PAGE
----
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  • Author
    Durga Ganesh
  • PI

    Srinivas R. Sadda, Eran Halperin

  • Co-Author

    Jeffrey N. Chiang

  • Title

    Effect of Statins on the Onset of Age-related Macular Degeneration

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  • Abstract

    Background: Age-related macular degeneration (AMD) affects about 10 million individuals in the United States, and is the third-largest cause of vision loss worldwide. AMD can be further subdivided into Geographic Atrophy and Choroidal Neovascularization. Although there are a variety of treatments under investigation for AMD, AMD does not currently have an effective treatment or cure. Known risk factors for AMD include aging and smoking most significantly, as well as obesity, sex, ethnicity, exposure to sunlight, and cardiovascular disease. High dietary fat intake has been implicated as a risk factor for vascular and retinal diseases, fueling a hypothesis that high levels of cholesterol may be related to AMD progression. Although many studies have evaluated whether statins (which lower serum cholesterol levels) will influence AMD onset and progression, the studies’ overall findings remain inconclusive. We investigated the effect of statins on the age of onset of AMD.

    Methods: Data on 38,176 patients seen at UCLA Stein Eye who were referred to retina specialists was extracted from the Electronic Health Record. These parameters were analyzed: sex, ethnicity, smoking history, statin use, obesity, Diabetic Retinopathy, and Diabetes Mellitus. The following statins were screened: Simvastatin, Atorvastatin, Pravastatin, Fluvastatin, Lovastatin, Pitavastain, Rosuvastatin, and Cerivastatin. Survival analysis was performed using a proportional hazards regression model (statsmodel package in Python), to determine the effect of statins on the age of onset for AMD. Kaplan Meier survival curves were generated to visualize the effect of statins on AMD onset (lifelines package in Python).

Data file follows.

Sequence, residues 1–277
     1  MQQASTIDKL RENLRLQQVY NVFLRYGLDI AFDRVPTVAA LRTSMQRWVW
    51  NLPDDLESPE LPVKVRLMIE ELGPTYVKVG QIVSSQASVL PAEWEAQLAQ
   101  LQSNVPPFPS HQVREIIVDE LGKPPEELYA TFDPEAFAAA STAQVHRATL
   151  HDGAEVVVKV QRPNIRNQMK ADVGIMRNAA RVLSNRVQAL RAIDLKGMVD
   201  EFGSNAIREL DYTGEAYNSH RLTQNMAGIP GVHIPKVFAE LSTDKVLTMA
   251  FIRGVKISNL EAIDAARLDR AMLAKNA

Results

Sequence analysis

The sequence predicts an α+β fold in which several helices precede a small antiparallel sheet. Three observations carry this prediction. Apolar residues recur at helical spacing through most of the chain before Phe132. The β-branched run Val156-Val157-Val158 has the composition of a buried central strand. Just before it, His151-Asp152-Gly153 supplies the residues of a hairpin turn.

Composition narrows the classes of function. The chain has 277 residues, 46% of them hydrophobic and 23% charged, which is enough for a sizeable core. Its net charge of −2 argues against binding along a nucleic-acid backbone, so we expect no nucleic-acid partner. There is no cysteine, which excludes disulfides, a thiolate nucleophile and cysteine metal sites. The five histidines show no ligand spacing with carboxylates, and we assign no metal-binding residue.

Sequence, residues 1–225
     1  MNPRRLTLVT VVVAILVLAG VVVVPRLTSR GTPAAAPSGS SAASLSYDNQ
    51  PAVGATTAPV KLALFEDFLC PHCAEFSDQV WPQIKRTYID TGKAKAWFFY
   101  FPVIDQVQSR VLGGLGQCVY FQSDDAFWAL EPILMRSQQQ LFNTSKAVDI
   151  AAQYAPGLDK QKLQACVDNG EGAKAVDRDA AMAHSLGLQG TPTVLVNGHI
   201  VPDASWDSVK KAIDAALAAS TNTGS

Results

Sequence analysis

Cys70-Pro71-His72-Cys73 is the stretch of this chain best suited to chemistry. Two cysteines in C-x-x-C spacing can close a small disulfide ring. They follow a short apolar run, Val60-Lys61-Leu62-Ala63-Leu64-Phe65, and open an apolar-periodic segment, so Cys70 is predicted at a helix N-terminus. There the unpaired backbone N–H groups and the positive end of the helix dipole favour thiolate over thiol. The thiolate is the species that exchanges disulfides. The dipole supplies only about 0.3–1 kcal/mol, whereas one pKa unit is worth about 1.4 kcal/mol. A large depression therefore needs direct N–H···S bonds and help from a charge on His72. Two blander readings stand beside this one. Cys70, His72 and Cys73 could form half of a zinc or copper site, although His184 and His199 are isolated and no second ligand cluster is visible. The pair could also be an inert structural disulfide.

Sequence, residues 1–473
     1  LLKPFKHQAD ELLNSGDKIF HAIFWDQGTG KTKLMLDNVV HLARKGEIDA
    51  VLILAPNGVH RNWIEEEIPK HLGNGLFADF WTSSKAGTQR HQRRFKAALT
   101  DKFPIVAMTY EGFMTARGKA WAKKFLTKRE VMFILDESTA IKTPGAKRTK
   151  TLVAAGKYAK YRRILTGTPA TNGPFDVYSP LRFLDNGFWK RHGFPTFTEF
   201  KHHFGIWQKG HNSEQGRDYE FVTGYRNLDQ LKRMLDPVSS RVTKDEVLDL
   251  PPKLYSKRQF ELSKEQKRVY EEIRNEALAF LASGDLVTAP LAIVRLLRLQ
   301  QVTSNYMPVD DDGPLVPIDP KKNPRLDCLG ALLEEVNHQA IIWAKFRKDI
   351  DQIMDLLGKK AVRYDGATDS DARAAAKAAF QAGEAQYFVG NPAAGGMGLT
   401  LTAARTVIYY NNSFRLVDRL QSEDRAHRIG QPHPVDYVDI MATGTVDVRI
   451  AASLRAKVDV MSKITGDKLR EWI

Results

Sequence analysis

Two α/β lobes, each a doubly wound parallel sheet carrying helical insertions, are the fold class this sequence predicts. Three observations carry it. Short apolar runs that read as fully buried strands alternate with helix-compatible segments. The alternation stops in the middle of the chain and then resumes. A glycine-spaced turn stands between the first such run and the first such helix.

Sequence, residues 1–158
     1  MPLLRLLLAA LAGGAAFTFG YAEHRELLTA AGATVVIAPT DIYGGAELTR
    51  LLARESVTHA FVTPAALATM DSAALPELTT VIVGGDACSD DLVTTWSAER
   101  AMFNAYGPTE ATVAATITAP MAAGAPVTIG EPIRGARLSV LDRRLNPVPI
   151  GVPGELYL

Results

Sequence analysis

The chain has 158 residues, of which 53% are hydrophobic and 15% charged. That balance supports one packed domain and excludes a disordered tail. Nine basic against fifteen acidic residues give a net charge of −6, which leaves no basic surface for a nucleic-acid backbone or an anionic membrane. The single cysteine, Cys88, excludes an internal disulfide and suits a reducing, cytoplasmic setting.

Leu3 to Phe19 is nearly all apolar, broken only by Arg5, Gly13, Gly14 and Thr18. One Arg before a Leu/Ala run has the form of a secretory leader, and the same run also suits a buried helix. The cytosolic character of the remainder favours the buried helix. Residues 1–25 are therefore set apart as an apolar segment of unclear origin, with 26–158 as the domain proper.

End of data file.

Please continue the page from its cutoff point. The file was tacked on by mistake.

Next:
Results: Among 5,387 patients with AMD, 2,370 patients were on statins and 3,017 patients had no history of statin use. The following parameters had significant hazard ratios: Never Smoker - 0.89, Female - 1.09, White - 0.83, Black - 0.67, Latinx - 0.78, Statin Use - 0.89.

    Discussion: Statins appear to provide a protective effect in delaying the onset of AMD. The protective effects of lowering serum cholesterol levels should be further explored. Beyond the strong evidence in the literature that smoking is a risk factor for AMD, we show that smoking appears to hasten the onset of AMD. Female patients had a significantly higher risk for developing AMD earlier on, compared to men. Exposure to sunlight is a risk factor for AMD, with White patients traditionally associated with having the highest risk due to paler irises. Interestingly, White, Black, and Latinx patients all appeared to have a delayed onset of AMD, although White patients experienced the shortest delay. The comorbidities we explored did not have a significant effect on the onset of AMD. As patients in our dataset were referred to a retina specialist, this could inflate the raw rate of AMD diagnosis.

    Conclusion: When controlling for demographic factors and specific comorbidities, statins appear to delay the onset of AMD in patients referred to retina specialists at Stein Eye. Rather than merely being a risk factor, patients’ sex, ethnicity, and smoking status appear to affect the age of onset of AMD.

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